at the Mexican Fine Arts Center

Heroic art hangs here. This show is balm for cynical souls, not just another sop to a minority. Serenity permeates it even as the work confronts evil.

You don’t look at Animas colgantes, but down into it as if peering at a dungeon. It’s an enormous graphite drawing by Bibiana Suarez in the form of an allegory. Hooked by their sawed-off skulls to a square bar, four women tread an endless circle, simultaneously fighting off robots and a big snake.

Oppression is a cultural constant we prefer to ignore. Men oppress women. Men deny it, women endure it. In the (North) American art world, as curator Juana Guzman points out, Latina artists suffer a double whammy, being both ethnic and women. Yet her survey of 22 artists is presented without a particular theme or polemic.

The art world’s neglect is noted twice, but without rancor. In a hilarious color drawing, Critics Under My Bed, Paula Pia Martinez cages 20 of us in an inferno while her silhouette sprawls above. La mano mas poderosa is an intricate little 3-D painting by Marina Gutierrez devoted to Frida Kahlo. Kahlo’s contribution to American art was long overshadowed by the fame of her husband, Mexican muralist Diego Rivera. Gutierrez uses a clever optical device to beatify her subject and its lessons for Latina artists.

Ignored by the art establishment, these artists are also freed of its restraints. Style is not an end in itself here but a means of expressing individual substance. If any mode predominates it is a synthetic one — not in the sense of man-made fibers but of diverse elements, in harmony. Composition tends to fracture pictorial conventions, juxtaposing multiple images and integrating an array of techniques, traditions, and icons.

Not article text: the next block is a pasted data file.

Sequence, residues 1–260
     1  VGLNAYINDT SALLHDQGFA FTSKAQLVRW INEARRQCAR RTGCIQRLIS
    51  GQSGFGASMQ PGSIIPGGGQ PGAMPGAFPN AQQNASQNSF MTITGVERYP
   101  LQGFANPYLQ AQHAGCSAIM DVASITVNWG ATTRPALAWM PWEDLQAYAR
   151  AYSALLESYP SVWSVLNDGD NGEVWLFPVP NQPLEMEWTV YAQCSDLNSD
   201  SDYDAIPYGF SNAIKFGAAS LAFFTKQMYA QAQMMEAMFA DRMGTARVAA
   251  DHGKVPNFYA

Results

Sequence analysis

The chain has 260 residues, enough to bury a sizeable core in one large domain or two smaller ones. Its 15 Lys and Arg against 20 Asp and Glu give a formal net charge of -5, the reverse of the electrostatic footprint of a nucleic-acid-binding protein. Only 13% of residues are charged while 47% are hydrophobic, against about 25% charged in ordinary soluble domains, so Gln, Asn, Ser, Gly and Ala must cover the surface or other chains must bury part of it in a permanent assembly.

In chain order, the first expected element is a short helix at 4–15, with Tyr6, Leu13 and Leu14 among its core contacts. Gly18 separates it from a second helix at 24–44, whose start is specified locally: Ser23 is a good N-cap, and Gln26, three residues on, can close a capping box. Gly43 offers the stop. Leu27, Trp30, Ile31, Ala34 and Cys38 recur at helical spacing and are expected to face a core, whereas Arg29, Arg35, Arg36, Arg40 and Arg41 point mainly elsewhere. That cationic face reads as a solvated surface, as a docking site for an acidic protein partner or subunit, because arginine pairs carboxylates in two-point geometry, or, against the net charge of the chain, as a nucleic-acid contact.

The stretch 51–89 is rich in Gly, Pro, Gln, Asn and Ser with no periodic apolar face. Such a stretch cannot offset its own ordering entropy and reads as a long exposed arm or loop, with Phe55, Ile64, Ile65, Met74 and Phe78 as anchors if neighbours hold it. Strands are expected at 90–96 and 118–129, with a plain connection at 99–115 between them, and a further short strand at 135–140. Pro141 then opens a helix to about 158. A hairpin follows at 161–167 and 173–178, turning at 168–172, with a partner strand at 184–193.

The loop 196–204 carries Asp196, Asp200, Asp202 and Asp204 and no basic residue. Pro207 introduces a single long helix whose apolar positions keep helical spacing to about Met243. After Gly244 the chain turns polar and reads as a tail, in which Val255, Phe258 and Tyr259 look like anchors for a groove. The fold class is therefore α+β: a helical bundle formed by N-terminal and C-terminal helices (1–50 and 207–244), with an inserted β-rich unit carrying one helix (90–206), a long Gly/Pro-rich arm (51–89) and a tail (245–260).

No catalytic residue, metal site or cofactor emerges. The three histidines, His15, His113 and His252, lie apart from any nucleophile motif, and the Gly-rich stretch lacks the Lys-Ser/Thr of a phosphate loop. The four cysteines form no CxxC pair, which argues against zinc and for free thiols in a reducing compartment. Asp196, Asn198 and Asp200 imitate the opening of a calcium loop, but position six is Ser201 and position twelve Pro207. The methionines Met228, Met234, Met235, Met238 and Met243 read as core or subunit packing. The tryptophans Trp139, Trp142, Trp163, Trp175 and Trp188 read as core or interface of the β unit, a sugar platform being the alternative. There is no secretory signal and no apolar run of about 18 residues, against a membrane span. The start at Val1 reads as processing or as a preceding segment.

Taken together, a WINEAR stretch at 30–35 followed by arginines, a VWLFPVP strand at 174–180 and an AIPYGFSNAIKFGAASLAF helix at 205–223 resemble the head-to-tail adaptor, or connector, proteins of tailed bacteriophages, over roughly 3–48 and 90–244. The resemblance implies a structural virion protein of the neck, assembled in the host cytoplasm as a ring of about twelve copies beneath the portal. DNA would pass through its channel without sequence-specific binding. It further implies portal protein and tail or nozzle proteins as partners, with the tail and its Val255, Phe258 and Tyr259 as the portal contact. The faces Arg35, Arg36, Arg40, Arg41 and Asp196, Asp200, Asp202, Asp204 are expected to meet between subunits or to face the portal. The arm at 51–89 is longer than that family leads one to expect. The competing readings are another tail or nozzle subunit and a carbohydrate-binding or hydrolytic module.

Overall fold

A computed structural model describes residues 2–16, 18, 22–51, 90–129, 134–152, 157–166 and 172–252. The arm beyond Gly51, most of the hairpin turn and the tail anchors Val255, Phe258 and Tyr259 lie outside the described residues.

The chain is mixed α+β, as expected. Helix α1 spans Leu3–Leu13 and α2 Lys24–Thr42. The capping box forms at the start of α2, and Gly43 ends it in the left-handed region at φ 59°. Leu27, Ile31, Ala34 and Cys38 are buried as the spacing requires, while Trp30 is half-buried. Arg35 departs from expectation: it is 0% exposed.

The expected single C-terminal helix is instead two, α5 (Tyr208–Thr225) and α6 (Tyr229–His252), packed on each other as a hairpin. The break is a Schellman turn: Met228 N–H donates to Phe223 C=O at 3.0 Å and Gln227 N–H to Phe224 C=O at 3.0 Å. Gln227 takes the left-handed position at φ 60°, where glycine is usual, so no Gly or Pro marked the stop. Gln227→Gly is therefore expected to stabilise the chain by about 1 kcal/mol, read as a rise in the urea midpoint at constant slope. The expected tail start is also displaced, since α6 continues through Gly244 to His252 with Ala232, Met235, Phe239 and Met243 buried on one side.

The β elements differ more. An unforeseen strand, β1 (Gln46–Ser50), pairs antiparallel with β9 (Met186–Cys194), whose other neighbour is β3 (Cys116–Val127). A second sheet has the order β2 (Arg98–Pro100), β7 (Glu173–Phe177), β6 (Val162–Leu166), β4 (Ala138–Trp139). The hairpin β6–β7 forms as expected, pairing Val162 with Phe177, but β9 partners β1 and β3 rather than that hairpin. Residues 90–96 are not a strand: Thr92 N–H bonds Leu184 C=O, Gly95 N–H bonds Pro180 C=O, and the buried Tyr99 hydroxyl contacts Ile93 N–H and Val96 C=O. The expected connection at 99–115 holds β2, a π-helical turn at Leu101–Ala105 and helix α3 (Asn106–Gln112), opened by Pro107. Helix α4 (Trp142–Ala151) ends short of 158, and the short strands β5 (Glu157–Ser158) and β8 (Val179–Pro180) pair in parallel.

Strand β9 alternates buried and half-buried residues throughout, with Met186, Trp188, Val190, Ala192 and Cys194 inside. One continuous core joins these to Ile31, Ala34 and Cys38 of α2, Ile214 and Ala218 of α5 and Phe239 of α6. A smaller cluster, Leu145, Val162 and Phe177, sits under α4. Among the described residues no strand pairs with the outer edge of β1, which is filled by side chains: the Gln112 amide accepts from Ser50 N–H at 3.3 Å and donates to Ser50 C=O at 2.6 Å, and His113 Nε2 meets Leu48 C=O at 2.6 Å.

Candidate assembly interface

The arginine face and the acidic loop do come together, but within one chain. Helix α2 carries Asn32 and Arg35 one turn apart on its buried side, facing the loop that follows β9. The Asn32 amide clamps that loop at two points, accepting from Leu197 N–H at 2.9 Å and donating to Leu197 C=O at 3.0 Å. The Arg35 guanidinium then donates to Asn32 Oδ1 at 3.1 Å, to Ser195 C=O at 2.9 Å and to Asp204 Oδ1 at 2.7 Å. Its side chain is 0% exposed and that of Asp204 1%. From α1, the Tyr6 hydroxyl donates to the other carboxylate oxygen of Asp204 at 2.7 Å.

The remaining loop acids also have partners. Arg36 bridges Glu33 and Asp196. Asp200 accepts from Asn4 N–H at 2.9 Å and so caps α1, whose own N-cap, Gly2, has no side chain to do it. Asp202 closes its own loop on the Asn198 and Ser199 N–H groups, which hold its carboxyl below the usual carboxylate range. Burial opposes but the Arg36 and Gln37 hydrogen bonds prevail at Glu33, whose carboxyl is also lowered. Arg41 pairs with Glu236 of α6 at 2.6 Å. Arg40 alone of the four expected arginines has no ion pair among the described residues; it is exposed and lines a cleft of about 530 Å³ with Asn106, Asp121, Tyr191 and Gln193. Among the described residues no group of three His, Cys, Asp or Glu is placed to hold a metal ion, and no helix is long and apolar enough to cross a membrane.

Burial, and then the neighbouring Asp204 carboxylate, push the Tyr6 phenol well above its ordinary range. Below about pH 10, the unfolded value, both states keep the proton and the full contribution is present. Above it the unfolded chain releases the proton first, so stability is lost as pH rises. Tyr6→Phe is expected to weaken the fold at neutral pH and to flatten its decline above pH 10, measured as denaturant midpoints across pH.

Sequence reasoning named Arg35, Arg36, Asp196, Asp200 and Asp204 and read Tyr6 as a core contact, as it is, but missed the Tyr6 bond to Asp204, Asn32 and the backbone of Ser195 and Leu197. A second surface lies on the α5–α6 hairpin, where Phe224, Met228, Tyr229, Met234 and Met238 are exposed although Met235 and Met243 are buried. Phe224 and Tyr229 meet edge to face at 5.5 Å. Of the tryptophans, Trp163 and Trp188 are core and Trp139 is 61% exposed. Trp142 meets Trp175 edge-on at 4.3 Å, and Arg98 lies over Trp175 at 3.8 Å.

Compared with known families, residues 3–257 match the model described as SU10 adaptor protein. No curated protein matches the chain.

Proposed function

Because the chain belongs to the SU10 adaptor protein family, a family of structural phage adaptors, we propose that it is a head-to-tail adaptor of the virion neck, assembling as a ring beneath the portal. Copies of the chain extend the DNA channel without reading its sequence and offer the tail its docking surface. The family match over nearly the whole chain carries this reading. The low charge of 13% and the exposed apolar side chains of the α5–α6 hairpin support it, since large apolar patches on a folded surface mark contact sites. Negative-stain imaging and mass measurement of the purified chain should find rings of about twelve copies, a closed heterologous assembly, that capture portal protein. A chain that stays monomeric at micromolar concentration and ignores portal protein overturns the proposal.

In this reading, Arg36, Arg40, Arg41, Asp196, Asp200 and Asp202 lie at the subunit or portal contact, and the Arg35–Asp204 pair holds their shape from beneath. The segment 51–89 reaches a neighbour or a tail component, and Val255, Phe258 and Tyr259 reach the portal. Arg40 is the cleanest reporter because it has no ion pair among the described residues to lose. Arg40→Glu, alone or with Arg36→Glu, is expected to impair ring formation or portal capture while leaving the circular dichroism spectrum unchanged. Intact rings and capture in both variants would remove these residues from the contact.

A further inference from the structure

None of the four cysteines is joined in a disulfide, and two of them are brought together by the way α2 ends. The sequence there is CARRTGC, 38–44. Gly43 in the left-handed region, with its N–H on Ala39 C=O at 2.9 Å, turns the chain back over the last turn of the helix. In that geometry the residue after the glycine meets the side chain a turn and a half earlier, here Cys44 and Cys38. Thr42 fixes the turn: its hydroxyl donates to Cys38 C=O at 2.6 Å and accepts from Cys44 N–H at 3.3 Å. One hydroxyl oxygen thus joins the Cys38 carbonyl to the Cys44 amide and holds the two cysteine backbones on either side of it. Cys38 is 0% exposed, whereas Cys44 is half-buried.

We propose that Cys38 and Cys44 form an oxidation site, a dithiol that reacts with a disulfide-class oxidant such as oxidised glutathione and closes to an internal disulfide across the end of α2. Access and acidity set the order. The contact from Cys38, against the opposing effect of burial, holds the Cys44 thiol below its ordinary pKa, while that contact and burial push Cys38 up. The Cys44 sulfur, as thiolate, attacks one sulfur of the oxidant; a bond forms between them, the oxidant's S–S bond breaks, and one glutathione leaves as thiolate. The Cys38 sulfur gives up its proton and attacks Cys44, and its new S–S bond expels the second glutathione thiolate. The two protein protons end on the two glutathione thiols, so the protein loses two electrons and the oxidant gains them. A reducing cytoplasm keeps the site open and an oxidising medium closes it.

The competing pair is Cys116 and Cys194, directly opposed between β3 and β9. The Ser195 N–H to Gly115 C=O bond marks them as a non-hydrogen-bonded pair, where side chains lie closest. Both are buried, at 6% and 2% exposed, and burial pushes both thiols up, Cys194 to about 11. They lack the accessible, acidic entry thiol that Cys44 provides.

Ten years ago — and the show’s chronology stretches back through the 70s — this was called pluralist art because it denied there was any one correct form or style for contemporary creation. Undeniably, the principal subject of “Latina Art” is women and women making art (a few pieces portray men, but they are a tiny percentage of the whole). Nevertheless, it would be a mistake to regard this as “women’s art” as if that were a coherent genre.

At first the collages of Santa Contreras Barraza look like cliches of a type of work popularized by feminist notions in past years. Her revisions of the image of the Virgin of Guadalupe are stitched and decorated in the manner of devotional domestic craft. Una vida continua is a set of richly worked books formed by stitching pages together in series. But Barraza invokes a more complex art history, for the pleated picture book was the principal documentary format of ancient (Central) American civilization.

Historical, religious, and formal traditions preoccupy many of these artists. Three of Marta Sanchez’s four paintings are done on soft, molded lead, translating the religious retable into a secular study like Portrait of El Primo With Telefonos. Ester Hernandez’s Virgin of Guadalupe is discarding her usual elaborate robe for a martial arts costume and kicking out, exchanging Catholic passivity for active defense.

Hernandez’s work is the only overtly political art in the show. Tejido de los desaparecidos is a serigraph of a traditional textile done in deceptively dull black and white. You must look closely to see the skulls, helicopters, and skeletons woven into the pattern. A few drops of blood splatter it. Hernandez extends the understanding of oppression from gender to our larger society, boldly speaking of things most people like to gloss over. Sun Mad deconstructs a raisin box label, advertising its unpalatable fact: “Unnaturally grown with insecticides, miticides, herbicides, fungicides.”